With commercial property, there may be other considerations to factor in, such as public access to your building and additional health and safety aspects to consider.
Top of the list for any commercial landlord are health and safety considerations. Under a commercial tenancy agreement or lease, there should be clear definitions to cover who is responsible for what. In the majority of the cases, it is the tenant who is responsible for carrying out health and safety checks. Subject to the terms of the lease, landlords are often still held accountable for the overall condition of the common areas and the exterior of the building (especially if it overlooks public paths and walkways), but generally the tenant will be responsible for making sure that it is a safe environment for workers and visitors.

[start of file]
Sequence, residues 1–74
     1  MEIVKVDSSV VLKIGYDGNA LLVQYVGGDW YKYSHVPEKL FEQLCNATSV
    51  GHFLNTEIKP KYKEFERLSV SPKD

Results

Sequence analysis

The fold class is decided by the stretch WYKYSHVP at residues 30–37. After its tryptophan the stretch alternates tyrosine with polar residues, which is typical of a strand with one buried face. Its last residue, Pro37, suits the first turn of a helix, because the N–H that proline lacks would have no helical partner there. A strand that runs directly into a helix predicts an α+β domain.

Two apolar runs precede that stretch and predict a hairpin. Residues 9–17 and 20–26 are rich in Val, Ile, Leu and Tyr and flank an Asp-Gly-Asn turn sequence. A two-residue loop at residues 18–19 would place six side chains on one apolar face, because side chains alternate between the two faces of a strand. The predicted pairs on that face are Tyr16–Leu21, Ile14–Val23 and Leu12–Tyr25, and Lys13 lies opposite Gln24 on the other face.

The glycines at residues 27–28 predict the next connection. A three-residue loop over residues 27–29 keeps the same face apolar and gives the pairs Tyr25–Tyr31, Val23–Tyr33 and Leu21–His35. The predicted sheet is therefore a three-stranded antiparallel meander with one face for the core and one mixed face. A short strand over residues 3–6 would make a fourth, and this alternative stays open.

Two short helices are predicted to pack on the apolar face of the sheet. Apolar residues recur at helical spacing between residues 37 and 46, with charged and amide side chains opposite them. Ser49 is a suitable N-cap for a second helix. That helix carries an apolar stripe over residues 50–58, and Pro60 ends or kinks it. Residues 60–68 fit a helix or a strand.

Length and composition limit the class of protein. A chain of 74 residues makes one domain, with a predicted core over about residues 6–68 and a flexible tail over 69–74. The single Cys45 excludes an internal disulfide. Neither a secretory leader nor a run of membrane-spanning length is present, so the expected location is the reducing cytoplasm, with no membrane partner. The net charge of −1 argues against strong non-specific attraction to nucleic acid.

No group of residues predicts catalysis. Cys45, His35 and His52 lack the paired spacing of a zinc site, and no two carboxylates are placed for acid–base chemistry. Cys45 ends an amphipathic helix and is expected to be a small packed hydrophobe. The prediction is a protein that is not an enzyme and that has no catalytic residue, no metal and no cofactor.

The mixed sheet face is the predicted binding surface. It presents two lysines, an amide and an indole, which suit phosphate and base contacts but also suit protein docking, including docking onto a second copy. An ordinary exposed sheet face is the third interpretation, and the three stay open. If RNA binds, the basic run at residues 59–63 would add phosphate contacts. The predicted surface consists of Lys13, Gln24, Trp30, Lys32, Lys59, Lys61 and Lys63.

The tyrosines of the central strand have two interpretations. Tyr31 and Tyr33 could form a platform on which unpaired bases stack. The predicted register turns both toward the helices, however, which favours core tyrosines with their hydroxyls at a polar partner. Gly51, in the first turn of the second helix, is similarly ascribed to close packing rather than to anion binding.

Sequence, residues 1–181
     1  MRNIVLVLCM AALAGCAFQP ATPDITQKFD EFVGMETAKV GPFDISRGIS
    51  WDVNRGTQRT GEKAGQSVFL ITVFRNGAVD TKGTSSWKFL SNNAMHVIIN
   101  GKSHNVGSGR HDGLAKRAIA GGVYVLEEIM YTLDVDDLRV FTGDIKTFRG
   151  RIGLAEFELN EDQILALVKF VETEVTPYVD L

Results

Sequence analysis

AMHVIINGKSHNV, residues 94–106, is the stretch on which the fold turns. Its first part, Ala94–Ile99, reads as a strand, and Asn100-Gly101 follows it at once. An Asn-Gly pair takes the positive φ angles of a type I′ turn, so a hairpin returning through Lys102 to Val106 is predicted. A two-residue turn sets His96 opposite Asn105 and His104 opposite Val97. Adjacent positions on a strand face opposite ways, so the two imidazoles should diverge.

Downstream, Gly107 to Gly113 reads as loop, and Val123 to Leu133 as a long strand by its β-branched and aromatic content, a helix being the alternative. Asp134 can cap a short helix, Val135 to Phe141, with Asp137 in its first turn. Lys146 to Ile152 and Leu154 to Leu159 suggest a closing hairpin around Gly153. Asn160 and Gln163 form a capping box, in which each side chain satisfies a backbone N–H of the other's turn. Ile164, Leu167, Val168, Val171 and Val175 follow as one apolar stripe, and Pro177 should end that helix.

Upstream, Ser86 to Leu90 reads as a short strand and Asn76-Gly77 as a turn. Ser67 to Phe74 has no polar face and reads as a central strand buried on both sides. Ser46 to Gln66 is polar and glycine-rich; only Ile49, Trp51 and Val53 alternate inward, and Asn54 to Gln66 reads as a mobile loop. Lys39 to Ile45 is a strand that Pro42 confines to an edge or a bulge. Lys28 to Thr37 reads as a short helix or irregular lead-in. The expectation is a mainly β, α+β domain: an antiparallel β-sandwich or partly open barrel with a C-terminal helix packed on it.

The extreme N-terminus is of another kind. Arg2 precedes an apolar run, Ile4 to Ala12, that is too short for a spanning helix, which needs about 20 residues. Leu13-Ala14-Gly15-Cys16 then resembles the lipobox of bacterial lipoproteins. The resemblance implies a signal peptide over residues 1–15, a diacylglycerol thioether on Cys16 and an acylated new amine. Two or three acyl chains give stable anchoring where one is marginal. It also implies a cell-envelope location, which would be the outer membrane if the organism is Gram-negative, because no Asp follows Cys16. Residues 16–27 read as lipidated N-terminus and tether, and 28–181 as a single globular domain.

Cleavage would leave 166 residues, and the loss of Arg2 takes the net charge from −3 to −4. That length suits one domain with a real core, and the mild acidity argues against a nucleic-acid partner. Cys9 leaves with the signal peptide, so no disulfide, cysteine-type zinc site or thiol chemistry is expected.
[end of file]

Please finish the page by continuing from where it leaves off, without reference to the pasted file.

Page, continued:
If you have an FRI lease agreement (where the tenant is fully responsible for maintaining and repairing the whole building and paying for the cost of insurance) then you can choose which insurance company you take out cover with, and then reclaim the cost of the premiums from the tenant. It is also possible to require the tenant to pay a ‘Service Charge’ to cover the cost of maintaining the common areas to include the structure of the building if the tenant has only an internal repairing obligation and to cover buildings insurance and health and safety management of communal areas such as reception lobbies, lifts, hallways and break rooms.